I was one of them.
Not that I thought it was a smooth ride overall, but I think things started out nicely. Within a few years, I had built enough confidence to start teaching with a bit more authority. But the change in dynamics was significant as I moved from handling graduate to undergraduate students. This is something that may be worth talking about in greater depth later on, but to put it succinctly, undergraduates have noticeably different motivations for being in UPOU. And as the proportion of younger students got bigger, prevailing mentalities also changed.
My desire to learn and get better at my craft was at the level of a graduate student's – something only a relatively small contingent of the undergraduates would likely share. Of course, being gung ho, I paid little mind at first. So, in time, it got frustrating whenever I felt my classes didn’t share my enthusiasm (which was almost always the case!). It got disappointing when, as opposed to graduate students being more conscious of what they’re learning, the bulk of my communication with undergraduates were about grades and deadlines. I felt that was mentally debilitating. In hindsight, it should not have surprised me. It's not like it was dramatically different back in my day. If I could go back, I'd have been more accepting of it and not have pushed so hard to force students to keep up with me. But to endure this from the other side was heart-breaking.
To this day, some of my former students are likely still intimidated by me. I think that’s strange. I admit to pushing students to be at their best, but I’m nothing like the legit terrors, a few of whom I survived in UPLB which nobody in UPOU is like. It's not my style to personally attack or belittle anybody in the forums. I just shoot straight. If students take that as hostility, then I worry for their future. In any case, the bottom-line had become evident to me. During my early years, I could totally relate to my students. Most of them were my age, or maybe even older, already employed and supporting their own families. Along with their life status, their motivations were similar to mine. So it was no surprise that these were students whom I’d have no problem relating to and having a beer with at the end of a face to face session.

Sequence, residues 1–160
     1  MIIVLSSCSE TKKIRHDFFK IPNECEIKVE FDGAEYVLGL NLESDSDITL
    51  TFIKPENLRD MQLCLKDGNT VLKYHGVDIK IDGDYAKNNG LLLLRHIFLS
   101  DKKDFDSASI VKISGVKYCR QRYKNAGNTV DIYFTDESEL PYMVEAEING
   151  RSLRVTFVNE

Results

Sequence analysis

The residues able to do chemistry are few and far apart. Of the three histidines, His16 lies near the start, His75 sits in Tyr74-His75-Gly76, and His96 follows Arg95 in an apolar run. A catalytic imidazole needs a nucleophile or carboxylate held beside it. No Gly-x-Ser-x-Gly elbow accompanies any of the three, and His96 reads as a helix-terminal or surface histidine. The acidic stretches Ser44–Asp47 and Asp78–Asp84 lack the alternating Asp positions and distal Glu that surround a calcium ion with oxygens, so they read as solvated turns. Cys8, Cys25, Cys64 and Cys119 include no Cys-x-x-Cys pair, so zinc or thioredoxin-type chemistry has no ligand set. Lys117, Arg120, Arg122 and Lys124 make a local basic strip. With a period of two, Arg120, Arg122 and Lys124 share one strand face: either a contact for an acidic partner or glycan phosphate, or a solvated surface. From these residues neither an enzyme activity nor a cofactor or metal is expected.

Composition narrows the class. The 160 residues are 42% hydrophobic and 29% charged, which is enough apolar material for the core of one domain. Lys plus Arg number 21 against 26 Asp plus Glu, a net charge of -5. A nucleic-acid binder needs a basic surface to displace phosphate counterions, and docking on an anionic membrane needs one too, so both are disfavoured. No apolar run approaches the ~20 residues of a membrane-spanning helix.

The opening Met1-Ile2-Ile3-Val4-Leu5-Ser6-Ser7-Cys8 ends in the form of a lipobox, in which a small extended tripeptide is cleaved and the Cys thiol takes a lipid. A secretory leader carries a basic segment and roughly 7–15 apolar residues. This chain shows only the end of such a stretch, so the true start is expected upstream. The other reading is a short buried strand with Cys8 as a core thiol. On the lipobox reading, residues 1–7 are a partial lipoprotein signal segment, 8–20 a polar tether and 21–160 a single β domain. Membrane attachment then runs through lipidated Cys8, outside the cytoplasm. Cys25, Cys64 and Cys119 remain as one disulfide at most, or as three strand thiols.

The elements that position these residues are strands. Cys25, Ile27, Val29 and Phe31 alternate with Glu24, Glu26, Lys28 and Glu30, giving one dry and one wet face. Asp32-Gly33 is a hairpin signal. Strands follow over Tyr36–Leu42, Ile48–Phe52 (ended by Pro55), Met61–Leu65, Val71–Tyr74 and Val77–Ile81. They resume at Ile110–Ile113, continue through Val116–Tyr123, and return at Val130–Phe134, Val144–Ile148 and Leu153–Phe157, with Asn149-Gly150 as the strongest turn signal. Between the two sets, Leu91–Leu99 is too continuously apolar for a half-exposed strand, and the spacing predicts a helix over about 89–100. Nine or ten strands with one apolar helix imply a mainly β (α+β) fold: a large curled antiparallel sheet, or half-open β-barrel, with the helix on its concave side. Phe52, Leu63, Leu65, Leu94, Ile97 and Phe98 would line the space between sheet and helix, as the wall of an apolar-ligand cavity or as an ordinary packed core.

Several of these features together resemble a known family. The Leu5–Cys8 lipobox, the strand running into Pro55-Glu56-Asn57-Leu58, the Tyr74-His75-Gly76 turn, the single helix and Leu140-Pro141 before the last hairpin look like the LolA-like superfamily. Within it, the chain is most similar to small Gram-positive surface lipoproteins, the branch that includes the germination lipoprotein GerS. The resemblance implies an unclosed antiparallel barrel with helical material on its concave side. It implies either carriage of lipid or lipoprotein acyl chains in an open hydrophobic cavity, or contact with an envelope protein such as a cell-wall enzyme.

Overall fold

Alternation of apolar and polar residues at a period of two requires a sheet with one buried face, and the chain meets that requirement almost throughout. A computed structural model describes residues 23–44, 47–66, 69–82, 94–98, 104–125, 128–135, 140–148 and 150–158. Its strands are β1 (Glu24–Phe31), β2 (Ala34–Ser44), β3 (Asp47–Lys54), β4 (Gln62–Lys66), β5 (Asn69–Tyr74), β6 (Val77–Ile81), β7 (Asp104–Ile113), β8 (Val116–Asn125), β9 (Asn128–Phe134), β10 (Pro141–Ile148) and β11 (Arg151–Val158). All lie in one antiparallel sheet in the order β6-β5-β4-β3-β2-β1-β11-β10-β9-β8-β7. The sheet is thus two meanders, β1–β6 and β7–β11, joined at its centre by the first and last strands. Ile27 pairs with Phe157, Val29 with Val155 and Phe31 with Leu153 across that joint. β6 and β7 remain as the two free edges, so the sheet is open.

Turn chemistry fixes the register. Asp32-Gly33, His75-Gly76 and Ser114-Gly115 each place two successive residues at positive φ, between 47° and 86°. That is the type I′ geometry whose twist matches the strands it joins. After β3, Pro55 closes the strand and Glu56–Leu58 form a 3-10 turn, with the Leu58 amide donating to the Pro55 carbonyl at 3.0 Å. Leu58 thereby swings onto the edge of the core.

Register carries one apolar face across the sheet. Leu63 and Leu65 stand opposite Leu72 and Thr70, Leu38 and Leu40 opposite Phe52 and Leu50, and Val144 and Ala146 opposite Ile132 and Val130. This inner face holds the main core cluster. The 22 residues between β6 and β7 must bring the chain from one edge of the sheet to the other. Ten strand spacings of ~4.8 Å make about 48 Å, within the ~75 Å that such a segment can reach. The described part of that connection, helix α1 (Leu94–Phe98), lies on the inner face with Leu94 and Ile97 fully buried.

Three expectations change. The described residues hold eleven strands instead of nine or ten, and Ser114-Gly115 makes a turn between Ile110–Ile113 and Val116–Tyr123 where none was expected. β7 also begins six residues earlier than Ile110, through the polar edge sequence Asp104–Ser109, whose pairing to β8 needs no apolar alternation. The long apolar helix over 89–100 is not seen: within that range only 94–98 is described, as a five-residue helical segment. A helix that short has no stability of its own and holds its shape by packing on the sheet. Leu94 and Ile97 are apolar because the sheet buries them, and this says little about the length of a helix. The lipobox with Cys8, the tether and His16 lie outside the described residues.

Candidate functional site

While I did look forward to the change in student demographics, with the BAMS programme studentship becoming predominantly younger and less experienced, I also felt sad about it. And I suppose this was the start of my struggle to connect. For the most part, later on, I could no longer relate to the students as much as I did before. As my grasp continued to weaken, I started to wonder… was the ability to connect with students even important for me to be able to do my job? So what, if I see posts of students clamoring for free tuition fees, representation and whatnot? So what, if some students face difficulties outside the online classroom? Such things didn’t concern me or my ability to teach. On the other hand, what does detaching leave me with? Without the prospect of actively learning from my own classes, how else would I be able to put up with the repetition required in teaching?
I remember reading student evaluation comments about me and my classes. Unlike other UP campuses, we don’t get a lot of them, so those that we do get tend to stick in our memories a bit longer. There was one comment from one of my last classes before going on hiatus, which probably reflected my detachment. The student felt that I was left bitter after a bad experience from a previous class and I was taking it out on his/her class. It’s a rather dramatic way of putting it, but not completely false. I was neither bitter nor was I lashing out. I simply stopped caring too much of what my students thought, let alone learned. And it was fortunate that I was on my way to the sidelines for an extended period. I needed a break.
To be continued...